Tim Benjamin’s Fire of Olympus

I enjoyed Tim Benjamin’s small-scale opera Madame X when I saw it five years ago. The mixture of musical styles worked reasonably well for the libretto, a thriller about corruption in the art world. His most recent work, The Fire of Olympus, given by Radius Opera at York’s Joseph Rowntree Theatre, was less successful. This too ranged across different musical idioms, but for very different subject-matter: a dark satirical piece about a power struggle among the Greek gods. And the shifting between Handel pastiche, rhythmic ballad-like lyricism and modern, chromatic pithy and astringent phrases defied a sense of overall musical purpose and structure, notwithstanding the attentive care of conductor Ellie Slorach and her group of instrumentalists.

Another problem lay in the wordy, excessively literary libretto, jointly written by the composer and Anthony Peter. This manifestly caused problems for the soloists who, with one or two exceptions, were unable to articulate it sufficiently clearly to make it readily comprehensible to the audience, thus inhibiting involvement in the characters and their predicaments. This was a pity because the cast of young performers worked very hard to communicate their emotions. Some of the singing, too, was impressive, particularly that of mezzo Elspeth Morrow and soprano Charlotte Hoather.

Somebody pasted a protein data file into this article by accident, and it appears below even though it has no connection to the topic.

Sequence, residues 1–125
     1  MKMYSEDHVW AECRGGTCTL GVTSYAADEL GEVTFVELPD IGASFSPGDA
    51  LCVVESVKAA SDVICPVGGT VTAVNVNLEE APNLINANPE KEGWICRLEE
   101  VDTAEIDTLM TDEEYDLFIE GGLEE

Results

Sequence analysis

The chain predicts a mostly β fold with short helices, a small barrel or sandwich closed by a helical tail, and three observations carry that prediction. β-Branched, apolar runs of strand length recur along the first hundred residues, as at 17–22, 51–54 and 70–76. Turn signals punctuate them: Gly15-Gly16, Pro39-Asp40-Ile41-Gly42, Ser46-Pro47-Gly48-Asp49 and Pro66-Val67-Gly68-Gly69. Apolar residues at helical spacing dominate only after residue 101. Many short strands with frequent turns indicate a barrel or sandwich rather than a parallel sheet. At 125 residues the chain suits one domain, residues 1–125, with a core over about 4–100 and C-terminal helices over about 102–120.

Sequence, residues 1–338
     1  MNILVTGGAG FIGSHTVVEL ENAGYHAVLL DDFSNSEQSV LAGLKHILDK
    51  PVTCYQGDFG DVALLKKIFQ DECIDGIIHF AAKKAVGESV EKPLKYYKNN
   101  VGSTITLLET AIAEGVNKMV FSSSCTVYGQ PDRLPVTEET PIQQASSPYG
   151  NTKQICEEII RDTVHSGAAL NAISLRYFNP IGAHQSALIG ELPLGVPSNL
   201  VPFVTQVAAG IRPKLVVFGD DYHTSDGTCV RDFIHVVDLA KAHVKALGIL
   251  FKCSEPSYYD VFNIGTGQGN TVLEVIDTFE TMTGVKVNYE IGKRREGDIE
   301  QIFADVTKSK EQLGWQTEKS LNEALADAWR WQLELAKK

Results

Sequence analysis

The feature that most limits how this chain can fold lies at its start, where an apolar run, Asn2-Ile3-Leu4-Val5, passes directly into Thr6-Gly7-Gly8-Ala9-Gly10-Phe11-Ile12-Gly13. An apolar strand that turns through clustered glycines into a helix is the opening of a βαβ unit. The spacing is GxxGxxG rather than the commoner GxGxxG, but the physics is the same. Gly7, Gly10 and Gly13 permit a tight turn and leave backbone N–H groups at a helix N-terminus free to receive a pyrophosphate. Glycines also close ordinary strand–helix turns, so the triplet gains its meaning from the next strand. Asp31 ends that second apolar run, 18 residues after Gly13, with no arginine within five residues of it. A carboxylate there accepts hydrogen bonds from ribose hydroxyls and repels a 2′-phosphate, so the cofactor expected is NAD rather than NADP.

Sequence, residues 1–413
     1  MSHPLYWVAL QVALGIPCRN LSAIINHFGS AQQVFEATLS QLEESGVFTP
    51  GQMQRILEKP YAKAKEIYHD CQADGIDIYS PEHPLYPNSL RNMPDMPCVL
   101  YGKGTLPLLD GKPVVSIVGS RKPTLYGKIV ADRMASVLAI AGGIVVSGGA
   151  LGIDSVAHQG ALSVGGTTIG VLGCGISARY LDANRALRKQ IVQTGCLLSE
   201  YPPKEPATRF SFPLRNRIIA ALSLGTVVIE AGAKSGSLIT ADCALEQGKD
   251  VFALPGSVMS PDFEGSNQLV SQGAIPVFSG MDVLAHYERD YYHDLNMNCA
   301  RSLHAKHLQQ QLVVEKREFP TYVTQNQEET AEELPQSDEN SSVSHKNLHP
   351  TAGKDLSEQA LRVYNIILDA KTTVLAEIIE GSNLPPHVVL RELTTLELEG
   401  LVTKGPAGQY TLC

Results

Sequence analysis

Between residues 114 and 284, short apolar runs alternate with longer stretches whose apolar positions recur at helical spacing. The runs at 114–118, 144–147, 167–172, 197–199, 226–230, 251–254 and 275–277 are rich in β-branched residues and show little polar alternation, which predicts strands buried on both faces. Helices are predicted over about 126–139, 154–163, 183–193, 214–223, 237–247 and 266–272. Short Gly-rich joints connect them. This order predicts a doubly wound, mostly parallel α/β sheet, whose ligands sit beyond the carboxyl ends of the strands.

Clearly groups like Radius Opera have to work to a tight budget, having little recourse to public subsidy. This might help to explain the rudimentary, awkward decors – no designer is credited – and also the fact that the composer-librettist Tim Benjamin took charge of the production. With more studied movement and blocking, an experienced stage director might have come up with a sharper dramatic profile.

An interesting feature of the performance was the virtual presence of combined choruses from across the North of England, delivered through recordings made at workshops run by the group. The other-worldly sound did add an alluring additional dimension to the stage action and the involvement of local singers must have boosted box office sales.